Shutdown Corner

Colts head coach Chuck Pagano diagnosed with leukemia, out for indefinite amount of time

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The Indianapolis Colts will have to continue their franchise rebuilding project without head coach Chuck Pagano for the time being. Bob Kravitz of the Indianapolis Star first reported that the team's first-year head man has been diagnosed with acute promyelocytic leukemia.

According to the American Cancer Society, "early diagnosis and treatment of acute promyelocytic leukemia is important because patients with APL may develop serious blood-clotting or bleeding problems. This used to be treated with blood-thinning medicines, but is less often a problem now that treatment includes drugs like all-trans-retinoic acid (ATRA). Other treatments might include transfusions of platelets or other blood products."

The ACS reports that early treatment, which may include chemotherapy, brings remission in 80-90 percent of patients.

"I met coach Pagano last Wednesday when he was evaluated for bruising, and that evaluation demonstrated changes that were consistent with acute leukemia," Dr. Larry Cripe, Pagano's specialist, said at the Colts' Monday morning press conference. "He was hospitalized Wednesday night, and we began treatment at that time. I'm here today because the coach has asked me to be here. He wants to deal with this challenge in a very forthright fashion. Before I explain the treatment and diagnosis in general terms, I would like to emphasize a few things.

"First of all, the goal of the treatment I'm about to describe is to cure the disease. That means that he's returned to a fully functional life -- the life that he's worked so hard to earn. And he's looking forward to leading the Colts to some Super Bowls. However, the process is long and complicated, and we're just starting right now. So, for the next several weeks, the process will be day by day. We'll be vigilant and we'll do everything we can to help him reach a full recovery."

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Dr. Cripe then confirmed the diagnosis, and said that the condition is a cancer of the bone marrow tissue. He said that Pagano's bruising happened because his bone marrow was no longer producing the factors that are needed for clotting. Dr. Cripe said that Pagano is in what is known as the "induction phase," which is done when the goal is complete remission and normal blood counts. That process, per the doctor, will last 4-6 weeks. During that time, Pagano will complete chemotherapy and remain on the drug known as all-trans-retinoic acid, or ATRA. He will receive transfusions, antibiotics, and other medications to minimize the side effects and complications of treatment.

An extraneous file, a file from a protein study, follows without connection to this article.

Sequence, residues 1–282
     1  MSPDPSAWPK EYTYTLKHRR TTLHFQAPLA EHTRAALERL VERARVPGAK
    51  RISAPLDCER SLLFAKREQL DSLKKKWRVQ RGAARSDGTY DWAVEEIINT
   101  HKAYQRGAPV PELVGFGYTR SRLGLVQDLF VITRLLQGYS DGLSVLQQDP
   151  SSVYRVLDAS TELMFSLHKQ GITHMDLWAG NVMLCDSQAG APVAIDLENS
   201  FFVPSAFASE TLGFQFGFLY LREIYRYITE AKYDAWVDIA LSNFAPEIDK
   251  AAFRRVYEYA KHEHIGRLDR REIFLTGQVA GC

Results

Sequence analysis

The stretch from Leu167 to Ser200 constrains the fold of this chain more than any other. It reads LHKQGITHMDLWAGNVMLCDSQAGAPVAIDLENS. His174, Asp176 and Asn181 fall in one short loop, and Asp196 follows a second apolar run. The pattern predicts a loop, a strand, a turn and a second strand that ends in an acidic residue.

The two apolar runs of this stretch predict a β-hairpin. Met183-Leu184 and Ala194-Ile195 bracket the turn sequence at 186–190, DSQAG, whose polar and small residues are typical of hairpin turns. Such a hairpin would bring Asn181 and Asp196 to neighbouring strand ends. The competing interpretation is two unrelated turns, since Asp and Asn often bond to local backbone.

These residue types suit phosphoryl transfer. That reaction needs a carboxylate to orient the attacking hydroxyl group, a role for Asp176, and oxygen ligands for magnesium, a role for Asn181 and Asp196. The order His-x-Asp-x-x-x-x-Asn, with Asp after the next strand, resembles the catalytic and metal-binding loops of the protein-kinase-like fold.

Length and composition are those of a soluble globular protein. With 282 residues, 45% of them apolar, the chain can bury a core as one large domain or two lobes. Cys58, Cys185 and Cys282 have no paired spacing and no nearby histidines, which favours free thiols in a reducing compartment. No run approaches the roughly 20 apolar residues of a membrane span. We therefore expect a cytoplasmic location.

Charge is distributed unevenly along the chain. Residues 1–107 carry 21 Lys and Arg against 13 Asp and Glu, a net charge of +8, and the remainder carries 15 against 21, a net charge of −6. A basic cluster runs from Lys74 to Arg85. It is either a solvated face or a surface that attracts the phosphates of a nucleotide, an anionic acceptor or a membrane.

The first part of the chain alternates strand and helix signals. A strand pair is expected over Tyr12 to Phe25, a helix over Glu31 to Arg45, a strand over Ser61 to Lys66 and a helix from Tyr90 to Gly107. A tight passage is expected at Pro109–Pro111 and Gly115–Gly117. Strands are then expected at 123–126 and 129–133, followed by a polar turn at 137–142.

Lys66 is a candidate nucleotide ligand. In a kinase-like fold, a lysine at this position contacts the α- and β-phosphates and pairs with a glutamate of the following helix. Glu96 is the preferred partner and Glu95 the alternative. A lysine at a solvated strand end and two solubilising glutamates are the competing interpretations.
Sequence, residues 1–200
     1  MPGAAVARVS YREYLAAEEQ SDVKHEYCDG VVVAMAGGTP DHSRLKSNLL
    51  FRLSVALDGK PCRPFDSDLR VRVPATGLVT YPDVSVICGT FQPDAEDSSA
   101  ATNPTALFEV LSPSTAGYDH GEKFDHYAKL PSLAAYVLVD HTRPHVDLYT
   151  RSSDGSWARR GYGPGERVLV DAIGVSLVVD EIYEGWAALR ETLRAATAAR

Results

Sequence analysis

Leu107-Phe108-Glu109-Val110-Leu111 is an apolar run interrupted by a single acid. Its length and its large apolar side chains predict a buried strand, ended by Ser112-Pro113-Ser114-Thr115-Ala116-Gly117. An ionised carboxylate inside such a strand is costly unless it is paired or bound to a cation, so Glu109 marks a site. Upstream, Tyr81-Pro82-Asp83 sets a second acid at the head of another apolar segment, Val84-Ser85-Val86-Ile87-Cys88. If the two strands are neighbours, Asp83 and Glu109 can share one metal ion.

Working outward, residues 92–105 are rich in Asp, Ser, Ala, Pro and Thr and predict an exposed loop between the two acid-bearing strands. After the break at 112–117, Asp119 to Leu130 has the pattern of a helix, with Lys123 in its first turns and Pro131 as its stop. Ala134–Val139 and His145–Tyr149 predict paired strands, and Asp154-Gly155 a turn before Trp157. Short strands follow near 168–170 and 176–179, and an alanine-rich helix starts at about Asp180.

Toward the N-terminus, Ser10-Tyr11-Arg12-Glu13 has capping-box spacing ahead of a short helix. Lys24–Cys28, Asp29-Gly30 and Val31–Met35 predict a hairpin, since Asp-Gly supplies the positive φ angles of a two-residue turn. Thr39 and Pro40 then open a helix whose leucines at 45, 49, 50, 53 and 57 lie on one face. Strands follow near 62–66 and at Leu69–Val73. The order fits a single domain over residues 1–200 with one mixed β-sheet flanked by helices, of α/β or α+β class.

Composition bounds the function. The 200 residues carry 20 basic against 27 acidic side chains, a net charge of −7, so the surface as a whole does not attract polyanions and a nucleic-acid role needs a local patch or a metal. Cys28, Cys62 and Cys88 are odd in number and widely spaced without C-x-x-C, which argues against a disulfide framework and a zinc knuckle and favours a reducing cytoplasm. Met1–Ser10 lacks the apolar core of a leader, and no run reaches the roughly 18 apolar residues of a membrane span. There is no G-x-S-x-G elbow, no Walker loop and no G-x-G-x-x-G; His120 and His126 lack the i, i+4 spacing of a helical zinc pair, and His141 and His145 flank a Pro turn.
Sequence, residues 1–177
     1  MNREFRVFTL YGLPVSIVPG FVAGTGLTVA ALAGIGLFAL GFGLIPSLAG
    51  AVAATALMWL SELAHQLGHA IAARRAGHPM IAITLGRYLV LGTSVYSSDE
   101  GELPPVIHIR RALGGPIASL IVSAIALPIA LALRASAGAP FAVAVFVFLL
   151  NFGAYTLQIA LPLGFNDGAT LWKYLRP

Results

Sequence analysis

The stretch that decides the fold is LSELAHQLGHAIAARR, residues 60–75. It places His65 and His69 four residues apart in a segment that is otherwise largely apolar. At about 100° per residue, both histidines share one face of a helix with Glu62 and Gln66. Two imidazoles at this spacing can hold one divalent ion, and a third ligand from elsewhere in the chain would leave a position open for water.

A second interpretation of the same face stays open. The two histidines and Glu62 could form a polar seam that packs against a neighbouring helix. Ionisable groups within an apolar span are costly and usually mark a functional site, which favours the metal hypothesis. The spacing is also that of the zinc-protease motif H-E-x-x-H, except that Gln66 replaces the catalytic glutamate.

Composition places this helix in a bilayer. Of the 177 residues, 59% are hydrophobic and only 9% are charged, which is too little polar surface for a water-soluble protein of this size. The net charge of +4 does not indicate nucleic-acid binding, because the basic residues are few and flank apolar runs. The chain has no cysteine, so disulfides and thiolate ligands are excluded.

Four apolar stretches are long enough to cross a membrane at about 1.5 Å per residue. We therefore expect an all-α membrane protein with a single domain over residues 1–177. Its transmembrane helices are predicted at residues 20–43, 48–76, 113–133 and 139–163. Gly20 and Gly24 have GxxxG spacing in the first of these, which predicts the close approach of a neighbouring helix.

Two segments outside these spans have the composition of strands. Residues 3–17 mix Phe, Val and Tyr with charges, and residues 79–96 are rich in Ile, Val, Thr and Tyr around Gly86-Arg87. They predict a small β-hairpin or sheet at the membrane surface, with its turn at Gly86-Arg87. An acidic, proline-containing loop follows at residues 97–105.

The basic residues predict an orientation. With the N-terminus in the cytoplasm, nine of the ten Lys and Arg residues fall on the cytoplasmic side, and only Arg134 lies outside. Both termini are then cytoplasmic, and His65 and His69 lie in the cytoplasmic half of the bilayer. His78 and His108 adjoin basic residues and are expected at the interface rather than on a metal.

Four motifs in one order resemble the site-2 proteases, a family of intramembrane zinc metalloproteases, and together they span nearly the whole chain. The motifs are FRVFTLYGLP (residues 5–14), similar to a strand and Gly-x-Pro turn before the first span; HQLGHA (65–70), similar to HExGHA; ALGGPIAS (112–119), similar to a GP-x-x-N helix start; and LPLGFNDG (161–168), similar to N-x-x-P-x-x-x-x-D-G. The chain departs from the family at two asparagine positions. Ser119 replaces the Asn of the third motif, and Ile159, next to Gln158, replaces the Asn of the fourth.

Once the induction phase is over, Dr. Cripe said, and it is determined that Pagano is well enough, he can return home and continue treatment on an outpatient basis.

"It's been a very difficult week," Colts owner Jim Irsay said. "Coach was feeling some fatigue over the last few weeks, and noticed some bruising on his body that he first thought could have been from contact on the field, or coaching, or playing with his grandkids. Through talking to his wife, Tina, she said, 'You need to get that checked out, because the bruising appears to be more and more prominent.' We had the coach get fully evaluated, and the conclusion was that he did have leukemia. It's obviously a very difficult blow for him and his family. We always talk about 'God, Family, Football' in that order, and certainly this has been difficult for him and for his family. Knowing Chuck, his first concern is always going to be for his children, his grandchildren, and for his wife.

"I feel with every fiber of my body, and I know Chuck feels the same way, that he can beat this thing."

In Pagano's absence, offensive coordinator Bruce Arians will take over as interim head coach. The 51-year-old Pagano has no known medical history that has ever affected his ability to work as a coach before. He and his wife, Tina, have three daughters and two granddaughters, and his brother John is the San Diego Chargers' defensive coordinator.

Pagano was hired by the Colts on Jan. 25 after Irsay fired former head coach Jim Caldwell. That was just one move in a series of many that put the team on the starting line to rebuilding; the release of quarterback Peyton Manning was the most notable. Irsay interviewed Pagano after the Ravens lost the AFC championship game to the New England Patriots.

When Pagano was hired, his former players in Baltimore had kind things to say about his prospects as a head coach.

"He relates to the players a whole lot," defensive end Cory Redding said of Pagano. "He's almost like a player in a D-coordinator's position. The guy has so much fun with us. He treats you like more than a player. It's like we're his sons. He wants us to do well. He keeps it fresh. He knows everybody's strengths and puts them in position to make plays."

The Colts drafted quarterback Andrew Luck with the first overall selection in the 2012 NFL draft and set about a new path. With Arians, there are more multi-tight end sets, and Pagano installed his preferred 3-4 defensive concepts after the Colts had played Cover-2 and Tampa-2 for years.

Asked before he took the job if he wanted to be a head coach eventually, Pagano said that this was indeed the goal.

"When I was a kid growing up, my dad being a football coach, he asked the same question of all the assistants that he ever hired: 'Is your goal to be a head football coach?' He always said if somebody had answered him, 'Not really, I'm OK just being a position coach,' then I don't think he really wanted him on his staff because he wanted ambitious guys. I think if you ask anybody they'd say yeah. That would be something you always work for and toward."

We will report more news of Pagano's condition as it becomes available.

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